NaNoWriMo: Productive or Pointless?

It’s that time of year again. No, I’m not referring to the time of year when you dress up in strange costumes and either scare or offend your entire neighborhood. I’m talking about November, National Novel Writing Month, the month during which hundreds of thousands of people stash obscene amounts of caffeine products in their house and develop insomnia in order to produce 50,000 words of prose.

Now, full disclosure: I have never completed a novel during NaNoWriMo. I’ve hit the 50k word limit by putting every story I’d attempted that month into a word document, but I’ve never genuinely written a novel for NaNo. I tend to burn out before the month has even started, spending weeks and months plotting in anticipation, and then reaching November, only to realize that I’ve plotted away any room for impulsiveness or creativity.

Still, countless people swear by NaNoWriMo as the single best motivational force in their lives. And every year, without fail, the NaNo hype eventually finds its way to me. This year, though, I’m not doing NaNo. I’m not even attempting it. I know that, with university applications and a self-publishing project on my plate, not doing NaNoWriMo is the best thing for me. But oh, am I ever bummed about it.

The thing about NaNo is that, regardless of whether you actually complete a manuscript (let alone a single chapter), it’s an event that brings writers together. Forums, write-ins, meetups, word wars, critique partners, and any form of support are the most essential part of a writing career. I know how much I depend on those elements.

So, here’s my verdict: is NaNoWriMo the best method of writing a novel? Maybe for some people. Is NaNoWriMo a unique and effective experience? Yes. Oh, yes.

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Fashion in Fiction

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You’ve seen it before somewhere. You flip through the pages of a novel, thinking to yourself than the story would have so much more potential if all the words weren’t wasted on gratuitous descriptions of the characters’ clothing. It would be fine, you tell yourself, if the author were describing some elaborate elven dress or a fantastical suit of armor. Instead, though, you’re weighed down in brand name porn, and you can’t read a sentence without hearing about the protagonist’s Louis Vuitton bag and Juicy Couture sweatpants and limited edition Alexander McQueen silk skull scarf in just the right shade of red for her skin tone.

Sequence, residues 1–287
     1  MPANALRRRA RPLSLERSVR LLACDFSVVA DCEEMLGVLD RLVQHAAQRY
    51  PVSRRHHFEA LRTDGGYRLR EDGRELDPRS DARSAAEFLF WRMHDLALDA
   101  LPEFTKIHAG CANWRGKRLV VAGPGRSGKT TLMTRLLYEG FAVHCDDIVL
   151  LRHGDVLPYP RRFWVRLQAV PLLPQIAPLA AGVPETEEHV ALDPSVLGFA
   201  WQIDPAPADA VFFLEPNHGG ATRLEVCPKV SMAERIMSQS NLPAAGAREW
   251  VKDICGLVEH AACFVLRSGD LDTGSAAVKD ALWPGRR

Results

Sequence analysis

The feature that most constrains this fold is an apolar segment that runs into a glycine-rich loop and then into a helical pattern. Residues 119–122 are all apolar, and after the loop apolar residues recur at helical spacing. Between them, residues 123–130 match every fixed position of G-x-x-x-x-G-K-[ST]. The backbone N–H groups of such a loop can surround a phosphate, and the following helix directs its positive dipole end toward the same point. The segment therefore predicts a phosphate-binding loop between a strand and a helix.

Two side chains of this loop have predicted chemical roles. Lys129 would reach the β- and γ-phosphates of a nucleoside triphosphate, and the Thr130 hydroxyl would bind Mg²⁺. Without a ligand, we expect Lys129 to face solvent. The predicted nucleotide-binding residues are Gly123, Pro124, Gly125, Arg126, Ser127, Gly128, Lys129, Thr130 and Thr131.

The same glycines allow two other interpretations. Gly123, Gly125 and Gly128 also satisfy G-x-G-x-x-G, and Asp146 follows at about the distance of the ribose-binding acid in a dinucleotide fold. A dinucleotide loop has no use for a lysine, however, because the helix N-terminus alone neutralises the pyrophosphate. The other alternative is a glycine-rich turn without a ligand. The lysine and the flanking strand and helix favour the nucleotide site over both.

My friend, you have encountered fashion in fiction.

Everyone loves to hate on extensive label-dropping in books. It’s bad enough, we say, to describe your protagonist in excessive detail, but going into depths about her clothing is just the cherry on top of terribly written chick lit. It’s the sign of a Mary Sue, both a self-insert and a wish-fulfillment character of the author’s, it gives women in fiction a bad name, it’s such a teenage girl thing to do. It’s just so stereotypically feminine.

I find it funny how often feminine is used as a synonym for bad writing.

There’s been a lot of talk in recent years about the vendetta against Mary Sues in fiction, specifically YA fiction, and on how this trend is a reflection of a more widespread problem of sexism in the industry (here are some of my favourite writings on the topic). It’s pretty established that teenage girls are demonized in our society, and the way this is reflected in the criticism female characters receive. It’s also been noted that male wish fulfillment characters (hello, Batman, Eragon, cough cough) are not at all resented to the same degree as their female counterparts.

I’m not here to deny that lots of fiction is bad, nor that lots of fiction for teenage girls is bad, nor that lots of fiction by teenage girls is bad. Of course there are teenage girls who will produce bad work; honing a skill involved a learning curve, and whether that’s writing YA or learning to ski or playing violin, everyone knows that the starting point of that learning curve can have some pretty horrendous results. But why does that reflect badly on young women as a whole? And why does femininity make something automatically inferior?